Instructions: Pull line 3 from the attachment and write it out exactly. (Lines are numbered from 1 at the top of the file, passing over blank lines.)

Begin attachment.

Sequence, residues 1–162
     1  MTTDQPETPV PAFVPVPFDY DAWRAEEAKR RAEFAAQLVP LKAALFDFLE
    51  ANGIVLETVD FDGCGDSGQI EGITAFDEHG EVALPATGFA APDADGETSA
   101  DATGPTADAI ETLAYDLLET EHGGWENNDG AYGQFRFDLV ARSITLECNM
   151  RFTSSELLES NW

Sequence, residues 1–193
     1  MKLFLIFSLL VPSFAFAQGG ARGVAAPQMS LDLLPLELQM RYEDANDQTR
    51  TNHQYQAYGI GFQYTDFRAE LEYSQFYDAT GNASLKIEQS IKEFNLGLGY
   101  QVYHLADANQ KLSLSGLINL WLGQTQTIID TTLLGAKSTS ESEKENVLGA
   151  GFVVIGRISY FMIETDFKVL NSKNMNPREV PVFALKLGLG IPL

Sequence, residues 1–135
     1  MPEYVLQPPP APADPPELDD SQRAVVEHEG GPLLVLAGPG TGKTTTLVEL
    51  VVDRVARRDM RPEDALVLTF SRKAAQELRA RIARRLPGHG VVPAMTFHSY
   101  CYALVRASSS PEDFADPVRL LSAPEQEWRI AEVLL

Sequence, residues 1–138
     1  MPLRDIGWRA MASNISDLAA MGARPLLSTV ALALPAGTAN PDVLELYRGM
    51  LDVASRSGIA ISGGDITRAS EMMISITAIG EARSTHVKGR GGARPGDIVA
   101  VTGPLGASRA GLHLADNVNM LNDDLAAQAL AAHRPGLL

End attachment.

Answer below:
    51  ANGIVLETVD FDGCGDSGQI EGITAFDEHG EVALPATGFA APDADGETSA